During my first year of University I never had an incident where alcohol was concerned. I had a great First Year and made some fantastic life-long friends. In my second year I was an unkind idiot one night that resulted in me pissing off my housemates (and for good reason) and left me feeling so embarrassed about my actions. In a nutshell, sometimes I can’t control myself when I drink and I will snap. It’s not a result of any underlying problem or emotion. It’s not even logical. I’ll get to a certain stage in the evening where something won’t go to plan and I’ll snap and just be so, so unkind to people I care about. Or, it’ll leave me alone in a situation that is very unsafe such as wandering off in a city. My actions leave me feeling so ashamed and so guilty the next day when I realise what I’ve done and I have to pick up the pieces. Or when I realise I put myself in a situation that could have been dangerous. But during that time I simply just will not be myself at all. I’ll have no control over my actions or thoughts and it’s like some horrid monster has taken over me. The person I am during that time is so disconnected from who I am regularly that, in the aftermath, I feel stunned at myself. I accept full responsibility for how I act when I’m like that and don’t want to seem as though I am shifting blame but during I’m so out of control. For anyone who has had to deal with me like that, I am so so sorry. For anyone who is like that, you’ll understand.
It’s hard to make people understand a situation they’ve never been in. A lot of the time I’ll describe this and people will say ‘we all get like that’ ‘everyone’s had bad night’s out’ and whilst that may be true, it isn’t the same. I think this is why I’ve been put off giving up alcohol for so long because for so long I thought this was normal. It isn’t, it’s a problem. Problems with alcohol certainly aren’t reserved for men who brawl at pubs or people who start regularly drinking at 10am. They can and do happen to everyone but alcohol is so prevalent in our society that it’s seriously hard to discover that it’s an issue. When you do realise it, the shame you feel is so incredibly heavy because you know how much stigma is attached to the phrase ‘I have an alcohol problem’ and how many questions are followed by the statement ‘No, I don’t drink.’ More to the point that just because you don’t drink, doesn’t mean you aren’t fun. In fact, if you think that drinking is so closely connected to how much fun you are as a person then you have a massively messed up view of fun and in suggesting that people can’t be fun if they don’t drink you contribute to people’s alcohol problems.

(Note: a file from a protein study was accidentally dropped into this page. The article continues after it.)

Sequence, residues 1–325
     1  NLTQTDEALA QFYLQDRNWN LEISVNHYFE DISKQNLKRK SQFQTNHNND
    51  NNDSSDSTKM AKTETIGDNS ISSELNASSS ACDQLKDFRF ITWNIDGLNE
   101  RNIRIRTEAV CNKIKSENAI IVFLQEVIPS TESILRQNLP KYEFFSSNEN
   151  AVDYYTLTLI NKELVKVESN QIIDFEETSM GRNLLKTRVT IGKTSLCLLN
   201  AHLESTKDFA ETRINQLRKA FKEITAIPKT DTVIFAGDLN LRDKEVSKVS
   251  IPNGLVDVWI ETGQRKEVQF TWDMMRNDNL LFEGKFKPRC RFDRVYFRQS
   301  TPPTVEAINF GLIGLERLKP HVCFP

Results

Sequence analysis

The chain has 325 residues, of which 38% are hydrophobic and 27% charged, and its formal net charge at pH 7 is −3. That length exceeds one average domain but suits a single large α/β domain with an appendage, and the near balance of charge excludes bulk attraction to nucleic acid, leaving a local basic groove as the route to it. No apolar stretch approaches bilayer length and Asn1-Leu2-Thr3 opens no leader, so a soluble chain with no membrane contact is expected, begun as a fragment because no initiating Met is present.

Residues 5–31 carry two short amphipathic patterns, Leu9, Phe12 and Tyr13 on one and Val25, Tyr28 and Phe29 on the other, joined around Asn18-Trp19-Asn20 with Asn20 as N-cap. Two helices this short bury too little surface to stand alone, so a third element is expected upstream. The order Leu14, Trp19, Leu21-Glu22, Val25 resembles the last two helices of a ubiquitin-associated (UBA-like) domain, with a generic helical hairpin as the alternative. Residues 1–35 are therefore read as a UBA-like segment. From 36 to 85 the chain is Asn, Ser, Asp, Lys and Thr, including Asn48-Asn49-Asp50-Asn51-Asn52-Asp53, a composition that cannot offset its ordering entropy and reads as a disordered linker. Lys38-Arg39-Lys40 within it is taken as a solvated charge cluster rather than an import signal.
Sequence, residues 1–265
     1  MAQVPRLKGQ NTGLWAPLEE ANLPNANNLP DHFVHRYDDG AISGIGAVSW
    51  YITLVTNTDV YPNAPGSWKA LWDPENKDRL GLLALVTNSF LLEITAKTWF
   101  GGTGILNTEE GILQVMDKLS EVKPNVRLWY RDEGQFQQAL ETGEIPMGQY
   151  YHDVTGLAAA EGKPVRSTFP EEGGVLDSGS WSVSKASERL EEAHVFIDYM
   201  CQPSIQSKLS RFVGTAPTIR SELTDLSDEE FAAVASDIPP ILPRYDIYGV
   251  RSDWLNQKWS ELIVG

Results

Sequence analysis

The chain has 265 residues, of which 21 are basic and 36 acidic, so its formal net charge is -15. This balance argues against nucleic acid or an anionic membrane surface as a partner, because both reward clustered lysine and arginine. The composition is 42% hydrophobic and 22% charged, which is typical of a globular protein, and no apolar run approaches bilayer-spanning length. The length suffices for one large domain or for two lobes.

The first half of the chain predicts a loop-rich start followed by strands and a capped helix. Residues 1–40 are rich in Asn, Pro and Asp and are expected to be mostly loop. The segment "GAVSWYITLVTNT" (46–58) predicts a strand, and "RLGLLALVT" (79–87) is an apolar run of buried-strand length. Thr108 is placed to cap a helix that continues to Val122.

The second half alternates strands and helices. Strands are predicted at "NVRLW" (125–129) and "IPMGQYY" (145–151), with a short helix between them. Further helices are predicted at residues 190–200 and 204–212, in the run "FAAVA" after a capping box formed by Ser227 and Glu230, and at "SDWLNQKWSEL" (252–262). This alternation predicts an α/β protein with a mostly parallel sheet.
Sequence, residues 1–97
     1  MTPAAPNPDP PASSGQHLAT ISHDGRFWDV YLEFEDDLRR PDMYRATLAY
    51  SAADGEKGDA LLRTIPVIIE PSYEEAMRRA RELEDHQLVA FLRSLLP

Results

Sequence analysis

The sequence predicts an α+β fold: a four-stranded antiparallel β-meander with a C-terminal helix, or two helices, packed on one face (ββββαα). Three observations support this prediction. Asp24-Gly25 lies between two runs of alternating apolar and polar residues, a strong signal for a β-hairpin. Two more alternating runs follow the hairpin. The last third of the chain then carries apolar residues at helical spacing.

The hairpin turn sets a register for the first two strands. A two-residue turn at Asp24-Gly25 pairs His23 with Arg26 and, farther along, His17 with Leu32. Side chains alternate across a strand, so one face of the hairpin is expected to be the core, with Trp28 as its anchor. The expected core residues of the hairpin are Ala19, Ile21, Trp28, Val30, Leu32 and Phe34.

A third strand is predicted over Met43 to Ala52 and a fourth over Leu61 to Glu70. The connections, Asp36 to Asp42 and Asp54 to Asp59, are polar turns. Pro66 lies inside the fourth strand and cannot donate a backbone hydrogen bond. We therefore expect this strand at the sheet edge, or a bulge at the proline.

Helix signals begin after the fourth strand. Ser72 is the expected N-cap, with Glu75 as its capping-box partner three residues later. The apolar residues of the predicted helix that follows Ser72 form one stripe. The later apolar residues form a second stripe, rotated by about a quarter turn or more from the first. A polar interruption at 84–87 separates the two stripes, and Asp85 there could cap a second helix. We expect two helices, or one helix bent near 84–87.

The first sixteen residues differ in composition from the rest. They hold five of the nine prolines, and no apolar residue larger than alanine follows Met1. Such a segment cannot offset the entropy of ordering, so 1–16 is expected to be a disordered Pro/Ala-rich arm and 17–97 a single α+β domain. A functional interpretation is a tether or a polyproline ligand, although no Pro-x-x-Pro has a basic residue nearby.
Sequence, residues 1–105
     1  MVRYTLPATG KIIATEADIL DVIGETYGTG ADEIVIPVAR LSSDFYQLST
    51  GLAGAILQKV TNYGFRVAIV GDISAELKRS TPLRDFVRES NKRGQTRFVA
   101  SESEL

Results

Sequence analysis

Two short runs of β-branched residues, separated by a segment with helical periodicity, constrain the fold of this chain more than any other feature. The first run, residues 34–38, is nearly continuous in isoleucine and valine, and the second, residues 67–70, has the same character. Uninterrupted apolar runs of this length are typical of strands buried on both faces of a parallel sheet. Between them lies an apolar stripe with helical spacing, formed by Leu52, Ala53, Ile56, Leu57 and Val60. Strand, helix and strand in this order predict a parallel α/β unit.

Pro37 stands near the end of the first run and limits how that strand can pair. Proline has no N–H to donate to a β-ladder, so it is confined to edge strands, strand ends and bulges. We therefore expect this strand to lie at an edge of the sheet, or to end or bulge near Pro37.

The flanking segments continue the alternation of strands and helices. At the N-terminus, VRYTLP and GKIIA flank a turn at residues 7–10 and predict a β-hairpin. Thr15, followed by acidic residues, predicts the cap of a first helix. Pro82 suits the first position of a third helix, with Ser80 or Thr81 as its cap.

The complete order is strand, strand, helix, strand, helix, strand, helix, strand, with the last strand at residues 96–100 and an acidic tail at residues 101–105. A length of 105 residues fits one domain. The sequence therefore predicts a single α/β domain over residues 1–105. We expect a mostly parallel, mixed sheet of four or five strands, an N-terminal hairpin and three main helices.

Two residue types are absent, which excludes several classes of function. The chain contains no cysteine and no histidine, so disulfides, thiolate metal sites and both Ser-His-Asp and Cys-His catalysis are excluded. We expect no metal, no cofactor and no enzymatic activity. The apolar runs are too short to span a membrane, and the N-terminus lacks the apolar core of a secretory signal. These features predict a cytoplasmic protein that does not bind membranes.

When I moved to L.A alcohol wasn’t everywhere all the time. I was 20 so my access to alcohol was revoked which was quite strange. I couldn’t walk into a store and buy a bottle of wine to enjoy with my friend on a movie night. But, of course, there were parties and booze occasionally and I, of course, drank. I still haven’t been so idiotic as that night during my 2nd year of Uni but the fear of messing up so badly again that I would have to endure those feelings of guilt and possibly could ruin some of the relationships with the people I cared about still hits me the next day.
Yet, even though I knew I could sometimes be a crappy, unkind drunk I still never gave up drinking. I also knew I couldn’t ‘just have one drink’ or ‘go home at midnight’ because most of the time I would be having an amazing time and be so happy I’d never want to leave. But there was and is always the sinister undercurrent of ‘What if I snapped last night? Who would I have hurt just for one night of drinking? My boyfriend/ best friend/ my family?’ I’m happy that most of my friends won’t know I can be an unkind drunk (and I don’t just mean a dramatic drunk which all of us are sometimes guilty of, I mean an unkind drunk), because they’ve never seen that side of me. It’s gotten to the point where I feel like I need to be more responsible and understand that whilst it hasn’t happened with everyone, it could. Very easily and it just isn’t worth risking my friendships for a drink.
So for 2018, I’m going sober. I’m hoping it could even save me money but I’m also hoping it’ll save me from being an unkind person which honestly matters the most to me. To my friends who know me well and who see me often and who invite me to parties, I’d love your help in this because having a drink is so easy and so tempting that it’s a real slippery slope. I hope you can understand my decision, even if you haven’t seen it for yourself first hand.
I hope everyone has the best 2018, please let me know your New Years Resolutions down below! I’d love to know if you have the same one as me.